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XLIX. "My name is Pestilence. This bosom dry

Once fed two babes a sister and a brother.
When I came home, one in the blood did lie

Of three death-wounds--the flames had ate the other !
Since then I have no longer been a mother,
But I am Pestilence ;-hither and thither

I flit about, that I may slay and smother ;
All lips which I have kissed must surely wither,
But Death's—if thou art he, we'll go to work together!

“What seek'st thou here? the moonlight comes in flashes,

The dew is rising dankly from the dell; 'Twill moisten her! and thou shalt see the gashes

In my sweet boy-now full of worms——But tell First what thou seek'st.”—“I seek for food.”—“'Tis well, Thou shalt have food; Famine, my paramour,

Waits for us at the feast-cruel and fell Is Famine, but he drives not from his door Those whom these lips have kissed, alone. No more, no more !"

LI.

As thus she spake, she grasped me with the strength

Of madness, and by many a ruined hearth She led, and over many a corpse. At length

We came to a lone hut, where, on the earth

Which made its floor, she in her ghastly mirth,
Gatherăng from all those homes now desolate,

Had piled three heaps of loaves, making a dearth
Among the dead—round which she set in state
A ring of cold stiff babes; silent and stark they sate.

LII.
She leaped upon a pile, and lifted high

Her mad looks to the lightning, and cried : “Eat !
Share the great feast-to-morrow we must die !"
And then she spurned the loaves with her pale feet,

Towards her bloodless guests. That sight to meet,
Mine eyes and my heart ached, and, but that she

Who loved me did with absent looks defeat
Despair, I might have raved in sympathy;
But now I took the food that woman offered me;

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. LIII. And, vainly having with her madness striven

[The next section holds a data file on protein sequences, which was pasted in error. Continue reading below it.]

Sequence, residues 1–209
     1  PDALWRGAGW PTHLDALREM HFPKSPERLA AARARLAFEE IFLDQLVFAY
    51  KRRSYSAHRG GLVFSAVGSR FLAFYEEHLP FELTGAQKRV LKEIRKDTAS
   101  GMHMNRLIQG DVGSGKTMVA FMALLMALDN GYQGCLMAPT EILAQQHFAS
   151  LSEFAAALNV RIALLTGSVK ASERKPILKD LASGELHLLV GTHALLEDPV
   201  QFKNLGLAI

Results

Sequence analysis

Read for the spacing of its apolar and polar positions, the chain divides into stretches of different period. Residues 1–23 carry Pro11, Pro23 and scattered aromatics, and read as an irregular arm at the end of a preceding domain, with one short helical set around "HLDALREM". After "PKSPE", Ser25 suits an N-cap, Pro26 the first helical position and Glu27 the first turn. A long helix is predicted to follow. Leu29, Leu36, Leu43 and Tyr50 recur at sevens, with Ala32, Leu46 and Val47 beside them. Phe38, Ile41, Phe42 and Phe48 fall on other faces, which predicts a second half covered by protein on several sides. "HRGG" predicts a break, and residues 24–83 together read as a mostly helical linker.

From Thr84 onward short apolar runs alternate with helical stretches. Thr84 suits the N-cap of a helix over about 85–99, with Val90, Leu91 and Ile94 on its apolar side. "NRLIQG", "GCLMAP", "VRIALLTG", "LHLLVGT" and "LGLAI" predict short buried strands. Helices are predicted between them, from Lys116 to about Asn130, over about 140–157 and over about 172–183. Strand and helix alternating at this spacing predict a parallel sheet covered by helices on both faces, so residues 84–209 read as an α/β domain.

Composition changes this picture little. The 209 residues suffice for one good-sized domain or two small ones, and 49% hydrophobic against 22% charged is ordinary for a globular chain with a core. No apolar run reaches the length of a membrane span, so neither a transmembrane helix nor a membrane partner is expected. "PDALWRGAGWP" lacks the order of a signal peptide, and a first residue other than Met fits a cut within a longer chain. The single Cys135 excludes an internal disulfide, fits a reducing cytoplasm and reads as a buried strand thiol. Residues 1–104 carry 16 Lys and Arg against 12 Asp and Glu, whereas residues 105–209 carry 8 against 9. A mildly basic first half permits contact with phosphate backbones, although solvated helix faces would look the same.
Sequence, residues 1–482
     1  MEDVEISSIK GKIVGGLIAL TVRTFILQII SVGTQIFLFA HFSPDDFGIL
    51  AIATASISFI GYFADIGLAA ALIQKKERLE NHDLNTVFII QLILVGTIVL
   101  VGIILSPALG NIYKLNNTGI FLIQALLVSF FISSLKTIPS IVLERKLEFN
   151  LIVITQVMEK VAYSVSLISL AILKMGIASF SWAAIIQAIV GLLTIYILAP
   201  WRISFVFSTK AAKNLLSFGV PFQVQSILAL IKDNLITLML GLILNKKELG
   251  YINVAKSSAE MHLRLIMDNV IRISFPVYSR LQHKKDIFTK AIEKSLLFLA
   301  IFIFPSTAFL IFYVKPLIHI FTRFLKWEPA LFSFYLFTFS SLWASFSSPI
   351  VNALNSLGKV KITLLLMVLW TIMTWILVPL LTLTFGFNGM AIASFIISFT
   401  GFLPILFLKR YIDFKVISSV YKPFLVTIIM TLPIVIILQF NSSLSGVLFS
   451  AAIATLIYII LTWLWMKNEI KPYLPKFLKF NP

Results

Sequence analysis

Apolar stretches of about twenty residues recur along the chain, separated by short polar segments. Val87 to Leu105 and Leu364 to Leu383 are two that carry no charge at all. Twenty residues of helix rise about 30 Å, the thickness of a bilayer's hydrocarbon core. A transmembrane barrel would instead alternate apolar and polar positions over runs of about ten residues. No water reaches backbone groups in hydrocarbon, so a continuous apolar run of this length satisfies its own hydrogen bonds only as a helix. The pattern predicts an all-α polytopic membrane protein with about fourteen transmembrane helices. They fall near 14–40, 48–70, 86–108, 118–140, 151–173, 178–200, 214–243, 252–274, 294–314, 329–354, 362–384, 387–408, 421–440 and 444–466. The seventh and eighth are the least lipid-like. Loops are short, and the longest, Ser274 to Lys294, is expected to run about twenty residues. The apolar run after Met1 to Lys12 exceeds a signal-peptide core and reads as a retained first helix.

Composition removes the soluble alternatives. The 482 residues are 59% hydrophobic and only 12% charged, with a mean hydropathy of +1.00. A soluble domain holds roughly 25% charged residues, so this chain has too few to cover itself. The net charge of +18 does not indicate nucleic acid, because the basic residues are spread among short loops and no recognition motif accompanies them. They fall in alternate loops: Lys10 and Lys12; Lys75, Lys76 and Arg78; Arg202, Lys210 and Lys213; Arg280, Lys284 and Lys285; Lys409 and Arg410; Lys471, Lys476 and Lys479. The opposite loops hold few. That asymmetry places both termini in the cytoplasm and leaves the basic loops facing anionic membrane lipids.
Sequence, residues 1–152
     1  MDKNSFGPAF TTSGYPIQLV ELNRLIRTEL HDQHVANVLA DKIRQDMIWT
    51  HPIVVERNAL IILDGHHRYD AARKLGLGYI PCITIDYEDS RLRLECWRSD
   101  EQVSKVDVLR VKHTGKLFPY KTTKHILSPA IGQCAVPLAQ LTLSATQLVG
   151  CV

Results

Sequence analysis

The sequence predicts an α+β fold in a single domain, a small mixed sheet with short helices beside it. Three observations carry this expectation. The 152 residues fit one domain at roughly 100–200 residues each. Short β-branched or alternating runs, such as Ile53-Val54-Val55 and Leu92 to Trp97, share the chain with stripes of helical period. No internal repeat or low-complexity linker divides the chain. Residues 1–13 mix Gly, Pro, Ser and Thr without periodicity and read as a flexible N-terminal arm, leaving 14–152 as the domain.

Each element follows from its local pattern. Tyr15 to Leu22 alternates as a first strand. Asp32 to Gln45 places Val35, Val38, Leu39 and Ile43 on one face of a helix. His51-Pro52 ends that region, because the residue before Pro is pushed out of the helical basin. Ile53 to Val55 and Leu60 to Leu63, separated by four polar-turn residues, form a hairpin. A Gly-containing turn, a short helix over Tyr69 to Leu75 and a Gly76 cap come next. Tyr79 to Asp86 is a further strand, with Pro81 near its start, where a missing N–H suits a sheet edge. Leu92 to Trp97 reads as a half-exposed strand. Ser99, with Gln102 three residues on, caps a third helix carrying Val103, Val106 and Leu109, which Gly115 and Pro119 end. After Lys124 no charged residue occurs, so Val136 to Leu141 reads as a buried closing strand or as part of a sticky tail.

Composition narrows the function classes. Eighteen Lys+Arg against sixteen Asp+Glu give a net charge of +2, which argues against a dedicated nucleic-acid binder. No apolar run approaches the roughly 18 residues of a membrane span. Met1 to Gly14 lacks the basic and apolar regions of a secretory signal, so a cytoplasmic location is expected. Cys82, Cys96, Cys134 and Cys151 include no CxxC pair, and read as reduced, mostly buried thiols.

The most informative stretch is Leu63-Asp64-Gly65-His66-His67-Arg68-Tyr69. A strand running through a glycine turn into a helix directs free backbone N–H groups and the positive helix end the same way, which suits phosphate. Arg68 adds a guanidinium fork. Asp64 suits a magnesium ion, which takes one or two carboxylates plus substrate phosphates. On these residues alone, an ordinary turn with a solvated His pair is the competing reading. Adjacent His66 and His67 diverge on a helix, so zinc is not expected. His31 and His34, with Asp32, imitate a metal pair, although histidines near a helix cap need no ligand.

If I might win her to return with me,
Departed. In the eastern beams of heaven

The lightning now grew pallid-rapidly
As by the shore of the tempestuous sea
The dark steed bore me: and the mountain grey

Soon echoed to his hoofs, and I could see
Cythna among the rocks, where she alway
Had sate with anxious eyes fixed on the lingering day.

LIV.
And joy was ours to meet. She was most pale,

Famished, and wet, and weary; so I cast
My arms around her, lest her steps should fail

As to our home we went, and, thus embraced, Her full heart seemed a deeper joy to taste Than e'er the prosperous know. The steed behind

Trod peacefully along the mountain waste. We reached our home ere morning could unbind Night's latest veil, and on our bridal couch reclined.

LV.

Her chilled heart having cherished in my bosom,

And sweetest kisses passed, we two did share Our peaceful meal. As an autumnal blossom

Which spreads its shrunk leaves in the sunny air

After cold showers, like rainbows woven there, Thus in her lips and cheeks the vital spirit

Mantled, and in her eyes an atmosphere Of health and hope ; and sorrow languished near it, And fear, and all that dark despondence doth inherit.

CANTO VII.

So we sate joyous as the morning ray

Which fed upon the wrecks of night and storm Now lingering on the winds ; light airs did play

Among the dewy weeds, the sun was warm,

And we sate linked in the inwoven charm Of converse and caresses sweet and deep,

Speechless caresses, talk that might disarm

Time, though he wield the darts of death and sleep, And those thrice mortal barbs in his own poison steep.

11. I told her of my sufferings and my madness;

And how, awakened from that dreamy mood By liberty's uprise, the strength of gladness

Came to my spirit in my solitude;

And all that now I was; while tears pursued Each other down her fair and listening cheek

Fast as the thoughts which fed them, like a flood From sunbright dales ;-and, when I ceased to speak, Her accents soft and sweet the pausing air did wake.

III.
She told me a strange tale of strange endurance,

Like broken memories of many a heart
Woven into one ; to which no firm assurance,
So wild were they, could her own faith impart.

She said that not a tear did dare to start
From the swoln brain, and that her thoughts were firm,

When from all mortal hope she did depart, Borne by those slaves across the ocean's term; And that she reached the port without one fear infirm.